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Baghdad bombs at 3 hotels kill 37

BAGHDAD - Suicide bombers struck in quick succession yesterday at three Baghdad hotels favored by Western journalists in well-planned assaults that killed at least 37 people and wounded more than 100.

The attacks were another blow to an Iraqi government already struggling to answer for security lapses that have allowed bombers to carry out massive attacks in the heart of the capital since August, raising serious questions about the country's stability ahead of the March 7 parliamentary elections.

The blasts were launched over a span of 15 minutes, shortly before Iraq announced it had hanged Saddam Hussein's notorious henchman "Chemical Ali."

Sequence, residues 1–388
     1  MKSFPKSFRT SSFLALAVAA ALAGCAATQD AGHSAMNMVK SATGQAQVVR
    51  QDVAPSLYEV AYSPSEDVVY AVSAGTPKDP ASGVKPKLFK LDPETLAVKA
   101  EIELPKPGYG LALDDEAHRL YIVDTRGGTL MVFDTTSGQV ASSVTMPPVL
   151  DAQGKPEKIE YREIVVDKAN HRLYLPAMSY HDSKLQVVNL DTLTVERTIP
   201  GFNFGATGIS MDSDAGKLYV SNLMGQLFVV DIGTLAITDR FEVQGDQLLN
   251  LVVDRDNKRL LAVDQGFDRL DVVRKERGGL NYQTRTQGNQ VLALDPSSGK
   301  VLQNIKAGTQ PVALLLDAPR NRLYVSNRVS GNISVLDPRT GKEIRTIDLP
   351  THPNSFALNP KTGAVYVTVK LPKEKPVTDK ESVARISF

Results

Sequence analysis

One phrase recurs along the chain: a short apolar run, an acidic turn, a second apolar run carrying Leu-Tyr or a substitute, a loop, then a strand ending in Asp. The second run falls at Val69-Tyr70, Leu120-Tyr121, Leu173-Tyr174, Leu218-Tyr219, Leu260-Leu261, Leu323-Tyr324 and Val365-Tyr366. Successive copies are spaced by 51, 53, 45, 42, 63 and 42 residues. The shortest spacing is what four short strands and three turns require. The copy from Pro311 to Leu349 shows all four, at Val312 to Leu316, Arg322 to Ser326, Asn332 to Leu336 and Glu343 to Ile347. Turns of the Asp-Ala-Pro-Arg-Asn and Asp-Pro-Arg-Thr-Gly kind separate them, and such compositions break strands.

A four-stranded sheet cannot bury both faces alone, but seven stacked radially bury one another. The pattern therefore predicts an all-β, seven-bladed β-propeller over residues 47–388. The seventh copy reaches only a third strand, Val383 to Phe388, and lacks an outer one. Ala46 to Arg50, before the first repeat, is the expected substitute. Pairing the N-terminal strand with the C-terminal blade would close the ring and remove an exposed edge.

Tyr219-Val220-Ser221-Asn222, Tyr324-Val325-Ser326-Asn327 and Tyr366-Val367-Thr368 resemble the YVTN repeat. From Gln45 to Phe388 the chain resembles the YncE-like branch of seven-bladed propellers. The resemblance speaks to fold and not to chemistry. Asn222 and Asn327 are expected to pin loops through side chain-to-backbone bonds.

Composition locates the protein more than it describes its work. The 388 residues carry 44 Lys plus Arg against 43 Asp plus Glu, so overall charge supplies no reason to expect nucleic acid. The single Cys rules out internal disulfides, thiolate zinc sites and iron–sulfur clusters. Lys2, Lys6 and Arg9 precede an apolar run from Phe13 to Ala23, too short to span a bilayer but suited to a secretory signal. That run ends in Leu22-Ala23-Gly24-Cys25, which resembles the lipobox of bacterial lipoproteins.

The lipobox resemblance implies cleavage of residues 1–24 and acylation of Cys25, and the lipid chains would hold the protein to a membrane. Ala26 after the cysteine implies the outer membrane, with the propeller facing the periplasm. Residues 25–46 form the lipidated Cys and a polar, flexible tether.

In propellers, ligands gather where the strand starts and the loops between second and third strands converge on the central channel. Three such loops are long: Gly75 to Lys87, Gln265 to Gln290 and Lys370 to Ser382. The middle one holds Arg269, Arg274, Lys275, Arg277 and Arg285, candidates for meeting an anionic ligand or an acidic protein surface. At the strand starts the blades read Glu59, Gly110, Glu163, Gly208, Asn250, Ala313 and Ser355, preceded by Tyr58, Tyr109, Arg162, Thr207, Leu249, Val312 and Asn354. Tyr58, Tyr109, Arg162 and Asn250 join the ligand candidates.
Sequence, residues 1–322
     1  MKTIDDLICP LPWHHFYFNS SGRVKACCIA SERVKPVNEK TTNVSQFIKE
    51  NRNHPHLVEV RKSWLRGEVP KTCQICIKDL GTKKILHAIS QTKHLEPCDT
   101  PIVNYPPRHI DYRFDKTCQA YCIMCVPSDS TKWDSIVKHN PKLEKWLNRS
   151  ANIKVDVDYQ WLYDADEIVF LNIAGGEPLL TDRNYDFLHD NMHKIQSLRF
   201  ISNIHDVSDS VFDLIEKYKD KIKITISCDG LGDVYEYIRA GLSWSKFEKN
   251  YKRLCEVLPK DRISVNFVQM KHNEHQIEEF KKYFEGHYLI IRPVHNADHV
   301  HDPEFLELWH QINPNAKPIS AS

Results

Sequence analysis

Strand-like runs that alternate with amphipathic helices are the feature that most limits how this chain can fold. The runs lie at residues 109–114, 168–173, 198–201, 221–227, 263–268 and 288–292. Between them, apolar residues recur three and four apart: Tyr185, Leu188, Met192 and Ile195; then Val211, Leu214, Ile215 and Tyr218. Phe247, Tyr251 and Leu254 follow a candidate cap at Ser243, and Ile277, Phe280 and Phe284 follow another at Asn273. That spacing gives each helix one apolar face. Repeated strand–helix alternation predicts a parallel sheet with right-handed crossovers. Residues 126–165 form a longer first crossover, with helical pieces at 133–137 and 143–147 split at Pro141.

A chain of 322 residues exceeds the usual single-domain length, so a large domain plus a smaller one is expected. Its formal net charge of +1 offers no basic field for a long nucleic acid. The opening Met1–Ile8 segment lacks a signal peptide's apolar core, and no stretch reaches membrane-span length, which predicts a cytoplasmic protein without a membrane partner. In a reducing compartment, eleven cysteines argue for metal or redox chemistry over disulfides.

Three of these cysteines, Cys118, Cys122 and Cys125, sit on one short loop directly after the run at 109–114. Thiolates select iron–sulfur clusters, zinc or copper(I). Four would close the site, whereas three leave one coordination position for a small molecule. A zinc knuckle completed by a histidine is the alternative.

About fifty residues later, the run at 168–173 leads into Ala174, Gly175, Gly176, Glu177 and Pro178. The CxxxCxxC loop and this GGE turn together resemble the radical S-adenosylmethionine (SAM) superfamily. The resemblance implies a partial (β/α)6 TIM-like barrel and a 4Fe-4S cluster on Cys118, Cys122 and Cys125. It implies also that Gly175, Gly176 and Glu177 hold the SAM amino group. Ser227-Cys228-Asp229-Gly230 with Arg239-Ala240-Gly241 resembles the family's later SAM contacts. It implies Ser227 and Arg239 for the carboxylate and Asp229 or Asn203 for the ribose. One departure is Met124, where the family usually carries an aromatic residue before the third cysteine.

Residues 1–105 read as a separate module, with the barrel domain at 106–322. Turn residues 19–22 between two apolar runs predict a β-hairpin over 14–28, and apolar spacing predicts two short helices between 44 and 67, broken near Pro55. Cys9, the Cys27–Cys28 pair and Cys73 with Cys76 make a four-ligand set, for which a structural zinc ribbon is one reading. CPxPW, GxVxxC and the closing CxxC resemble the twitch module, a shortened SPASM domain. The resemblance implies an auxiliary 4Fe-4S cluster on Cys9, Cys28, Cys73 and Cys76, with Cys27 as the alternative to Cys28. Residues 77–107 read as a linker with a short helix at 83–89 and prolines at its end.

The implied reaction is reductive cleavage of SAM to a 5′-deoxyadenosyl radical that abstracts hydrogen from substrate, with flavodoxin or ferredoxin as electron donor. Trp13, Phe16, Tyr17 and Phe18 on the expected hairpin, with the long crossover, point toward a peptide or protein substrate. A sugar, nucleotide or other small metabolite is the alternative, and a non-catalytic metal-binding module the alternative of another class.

The first explosion struck near the Sheraton Hotel, along the Abu Nawas esplanade across the Tigris River from the Green Zone.

Two other blasts followed minutes later, striking near the Babylon Hotel and Hamra Hotel, which is popular with Western journalists and foreign security contractors. Militants in business suits walking alongside a suicide car bomb opened fire on a private security checkpoint at the Hamra, police and guards said.

No Westerners were reported killed or seriously injured in any of the three attacks.

Government spokesman Ali al-Dabbagh said the latest bombings "represent an extension" of the activities of insurgents linked to Saddam's regime.

But he stopped short of declaring the blast as possible revenge for the execution of Ali Hassan al-Majid, known as "Chemical Ali." He was sentenced to death for poison gas attacks that killed more than 5,000 Kurds in the town of Halabja in 1988.

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